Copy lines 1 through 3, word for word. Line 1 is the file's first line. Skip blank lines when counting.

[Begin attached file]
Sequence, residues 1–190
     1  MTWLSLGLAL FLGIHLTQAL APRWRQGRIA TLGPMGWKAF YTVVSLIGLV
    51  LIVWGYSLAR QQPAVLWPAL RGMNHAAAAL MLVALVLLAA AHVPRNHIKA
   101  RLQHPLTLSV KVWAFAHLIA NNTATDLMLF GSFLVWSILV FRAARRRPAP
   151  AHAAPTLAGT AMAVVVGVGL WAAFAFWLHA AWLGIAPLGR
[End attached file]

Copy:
Sequence, residues 1–190
     1  MTWLSLGLAL FLGIHLTQAL APRWRQGRIA TLGPMGWKAF YTVVSLIGLV
    51  LIVWGYSLAR QQPAVLWPAL RGMNHAAAAL MLVALVLLAA AHVPRNHIKA